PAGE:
Elton John’s third album expanded on the mellow, contemplative atmosphere of his first albums, but also laid the foundation for EJ’s concept albums that would follow (mainly 1973’s Goodbye Yellow Brick Road and 1975’s Captain Fantastic and the Brown Dirt Cowboy). Alternately a homage to the American west, and a love letter to lyricist Bernie Taupin’s father, the album contains early classics such as “Come Down in Time” and “Burn Down the Mission,” as well as a faithful cover of late British songstress Lesley Duncan’s “Love Song.” Its follow up, Madman Across the Water, isn’t too shabby either –the two albums together encapsulate Elton and Bernie’s “Nick Drake tribute” years.
Suggested wine pairing: Reynard Florence Vineyard Petit Manseng Monticello.
12. Prince/Sign “O” the Times (1987)
1999 and Purple Rain were warm-ups, really, to Sign “O” the Times, like 1999, a double album, but instead of the nonstop dance funk of 1999, The Artist we sadly lost earlier this year tackles the ‘80s drug epidemic (with the title track), religion (“The Cross”) and sexual ambiguity that would feel right at home with the artist who has the #11 album on our list (keep reading). But like 1999, Prince never forgets his house funk origins, and brings down the house literally with “Housequake.” Like the White Album, the songs are all over the map but equally infectious. The Artist’s best album by far.
Suggested wine pairing: The Winery at Bull Run Fort.
11. David Bowie/The Rise and Fall of Ziggy Stardust and the Spiders from Mars (1972)
2016 has been an awful one so far for music fans. Actually the depressing year started on New Year’s Eve 2015, when we lost Natalie Cole. The passings of David Bowie and Prince actually made us revamp the final (25 through 1) section of our Top 100 list. Knowing there will never be an album of new material from these artists is tragic. Although David Jones did bring us Blackstar two days before his death, an album he made while dying that speaks to the soul. Maybe in 10 years, when we revisit this list, Blackstar will find a place in our new Top 100 (we need to spend another decade listening to it and analyzing it). The Rise and Fall of Ziggy Stardust and the Spiders from Mars is far and away Bowie’s best album. Taking bits from the heavier, borderline Black Sabbath sound of 1970’s The Man Who Sold the World, and merging them with the whimsical, sexually ambiguous style of 1971’s Hunky Dory, the album is a masterwork of the glam rock era. The lyrics can be down and dirty at times, but “Starman” is such an innocent sounding pop piece it’s easy to understand why so many listeners initially thought of it as a children’s song in 1972.
Suggested wine pairing: Byrd Cellars Dalhgren's Raid Red.
10. Magical Mystery Tour/Beatles (1967)
Released in December 1967, when Sgt. Pepper was a mere six months old and still the rage of the world, Magical Mystery Tour is the soundtrack to the Beatle’s much-maligned made-for-British-TV movie. The movie was a complete vanity project and critics (and audiences at the time) despised it. The soundtrack usually gets overlooked when talking about the great Beatles albums that came before, and after, it. And since side 2 is really a collection of singles that were never released on an album, it’s understandable that some critics called it a “quasi Greatest Hits album,” and not an official Beatles album. But side 2 alone is simply one of the greatest album sides in rock history: “Hello Goodbye,” “Strawberry Fields Forever,” “Penny Lane,” “Baby You’re a Rich Man” and “All You Need is Love.” How could you lose?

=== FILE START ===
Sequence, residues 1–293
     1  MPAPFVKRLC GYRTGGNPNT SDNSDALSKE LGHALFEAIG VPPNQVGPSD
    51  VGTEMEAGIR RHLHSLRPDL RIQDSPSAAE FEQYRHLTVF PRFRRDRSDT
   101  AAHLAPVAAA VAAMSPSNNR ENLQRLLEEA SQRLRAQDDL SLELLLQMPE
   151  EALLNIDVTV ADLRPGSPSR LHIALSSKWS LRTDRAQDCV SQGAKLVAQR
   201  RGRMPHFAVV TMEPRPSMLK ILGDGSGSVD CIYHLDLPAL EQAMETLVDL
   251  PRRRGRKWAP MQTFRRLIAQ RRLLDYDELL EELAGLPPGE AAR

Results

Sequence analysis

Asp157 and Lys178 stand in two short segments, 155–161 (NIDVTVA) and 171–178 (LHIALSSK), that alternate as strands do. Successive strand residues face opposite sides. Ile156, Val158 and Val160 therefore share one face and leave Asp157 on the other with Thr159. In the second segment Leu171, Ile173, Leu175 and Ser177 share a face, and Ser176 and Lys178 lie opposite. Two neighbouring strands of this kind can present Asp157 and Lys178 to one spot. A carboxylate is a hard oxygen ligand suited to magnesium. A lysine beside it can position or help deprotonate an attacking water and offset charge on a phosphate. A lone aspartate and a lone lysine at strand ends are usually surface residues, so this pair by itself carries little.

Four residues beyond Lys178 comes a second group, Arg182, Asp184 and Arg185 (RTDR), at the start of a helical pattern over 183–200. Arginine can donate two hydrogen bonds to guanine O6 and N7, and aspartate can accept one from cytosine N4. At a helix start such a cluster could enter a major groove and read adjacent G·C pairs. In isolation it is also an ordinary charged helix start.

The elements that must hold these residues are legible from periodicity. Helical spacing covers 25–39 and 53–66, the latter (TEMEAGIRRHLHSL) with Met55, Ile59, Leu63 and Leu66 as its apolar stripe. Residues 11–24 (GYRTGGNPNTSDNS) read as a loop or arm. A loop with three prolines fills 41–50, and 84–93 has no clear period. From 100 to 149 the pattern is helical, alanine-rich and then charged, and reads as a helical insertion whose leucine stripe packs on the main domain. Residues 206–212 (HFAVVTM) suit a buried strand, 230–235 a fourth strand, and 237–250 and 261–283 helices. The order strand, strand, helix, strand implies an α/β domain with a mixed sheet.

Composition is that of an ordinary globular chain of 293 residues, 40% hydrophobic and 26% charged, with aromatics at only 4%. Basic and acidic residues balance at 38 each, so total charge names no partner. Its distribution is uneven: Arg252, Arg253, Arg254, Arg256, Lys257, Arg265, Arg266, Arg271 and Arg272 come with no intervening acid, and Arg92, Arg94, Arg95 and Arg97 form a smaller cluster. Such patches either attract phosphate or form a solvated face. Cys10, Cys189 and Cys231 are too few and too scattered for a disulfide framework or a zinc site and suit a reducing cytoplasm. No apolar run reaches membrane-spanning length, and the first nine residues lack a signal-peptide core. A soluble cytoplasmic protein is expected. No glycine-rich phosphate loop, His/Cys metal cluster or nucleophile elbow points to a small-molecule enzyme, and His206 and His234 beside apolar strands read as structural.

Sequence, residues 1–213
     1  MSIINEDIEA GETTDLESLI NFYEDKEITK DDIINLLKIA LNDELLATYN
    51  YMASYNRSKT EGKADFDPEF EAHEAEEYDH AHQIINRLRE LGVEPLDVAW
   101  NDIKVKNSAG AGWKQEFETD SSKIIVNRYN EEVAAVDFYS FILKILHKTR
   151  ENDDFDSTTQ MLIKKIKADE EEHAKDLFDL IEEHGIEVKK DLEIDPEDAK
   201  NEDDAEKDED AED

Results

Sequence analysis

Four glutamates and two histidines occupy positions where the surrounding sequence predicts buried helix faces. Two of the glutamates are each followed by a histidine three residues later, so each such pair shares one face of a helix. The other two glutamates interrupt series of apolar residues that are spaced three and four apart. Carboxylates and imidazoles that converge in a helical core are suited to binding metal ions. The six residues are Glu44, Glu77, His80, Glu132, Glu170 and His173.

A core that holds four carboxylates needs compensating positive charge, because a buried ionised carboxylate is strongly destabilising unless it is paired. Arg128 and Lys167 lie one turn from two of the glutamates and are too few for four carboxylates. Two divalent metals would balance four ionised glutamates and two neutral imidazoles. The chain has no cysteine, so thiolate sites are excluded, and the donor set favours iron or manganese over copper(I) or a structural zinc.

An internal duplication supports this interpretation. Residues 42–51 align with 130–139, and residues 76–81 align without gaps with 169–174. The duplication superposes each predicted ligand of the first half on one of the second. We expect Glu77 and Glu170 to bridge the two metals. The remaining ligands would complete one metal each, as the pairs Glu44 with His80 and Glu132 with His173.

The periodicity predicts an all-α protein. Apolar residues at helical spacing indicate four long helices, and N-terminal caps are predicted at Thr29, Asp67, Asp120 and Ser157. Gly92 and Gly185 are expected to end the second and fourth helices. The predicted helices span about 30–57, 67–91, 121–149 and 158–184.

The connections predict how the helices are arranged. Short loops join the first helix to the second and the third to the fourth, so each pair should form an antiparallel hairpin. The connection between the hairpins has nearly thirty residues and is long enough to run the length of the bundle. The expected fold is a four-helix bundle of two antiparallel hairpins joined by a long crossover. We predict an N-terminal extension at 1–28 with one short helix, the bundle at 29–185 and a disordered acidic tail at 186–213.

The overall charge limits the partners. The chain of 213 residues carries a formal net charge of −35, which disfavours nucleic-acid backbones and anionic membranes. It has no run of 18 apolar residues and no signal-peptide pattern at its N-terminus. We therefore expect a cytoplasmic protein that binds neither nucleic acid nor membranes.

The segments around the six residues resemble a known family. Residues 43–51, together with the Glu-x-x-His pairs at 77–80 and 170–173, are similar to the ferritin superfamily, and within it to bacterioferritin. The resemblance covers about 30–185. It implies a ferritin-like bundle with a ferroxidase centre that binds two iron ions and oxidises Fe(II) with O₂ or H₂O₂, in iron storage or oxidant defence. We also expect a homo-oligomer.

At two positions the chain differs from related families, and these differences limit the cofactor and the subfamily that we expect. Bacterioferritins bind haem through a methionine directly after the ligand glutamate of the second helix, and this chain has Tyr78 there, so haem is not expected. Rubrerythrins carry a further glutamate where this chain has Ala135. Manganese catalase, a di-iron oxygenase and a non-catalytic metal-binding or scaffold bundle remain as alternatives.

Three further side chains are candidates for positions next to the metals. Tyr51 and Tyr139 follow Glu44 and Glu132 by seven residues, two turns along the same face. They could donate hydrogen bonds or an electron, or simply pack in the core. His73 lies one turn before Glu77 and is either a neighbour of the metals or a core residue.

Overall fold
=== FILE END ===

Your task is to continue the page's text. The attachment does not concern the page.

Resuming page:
Suggested wine pairing: Philip Carter Winery Rosewell.
9. Exile on Main Street/Rolling Stones (1972)
All of the albums recorded by the Glimmer Twins and company prior to 1972 led to Exile on Main Street, recorded in the basement of Keith Richards’ French estate, which he relocated to in order to avoid paying British taxes. The sessions were raw and “anything goes,” and that comes out in the grooves of this double album. The album starts out rowdy, slowly gets mellow, and then kicks it up again for side 4. And “Sweet Virginia” could be the name of a wonderful Virginia table wine – it must exist somewhere in the Commonwealth!
Suggested wine pairing: 612 Vineyard Chambourcin.
8. Wish You Were Here/Pink Floyd (1975)
Former Floyd leader Syd Barrett was far gone by the time the band he founded went in to the studio to record this album. Legend has it Barrett actually showed up, barely recognizable by the band, while they were cutting the title track, which the band wrote as a tribute to Barrett, who was suffering from a decade-long mental breakdown. Dark Side of the Moon and The Wall usually get the most attention from casual listeners, but this is the Floyd’s best album, concise and experimental without getting too pretentious and heavy-going. The epic 20 minute plus “Shine on You Crazy Diamond” is another tribute to Barrett, beautiful and complex and almost like classical music. It was initially was slated to take up the entire first side, before Waters & company decided to break it up into two sections.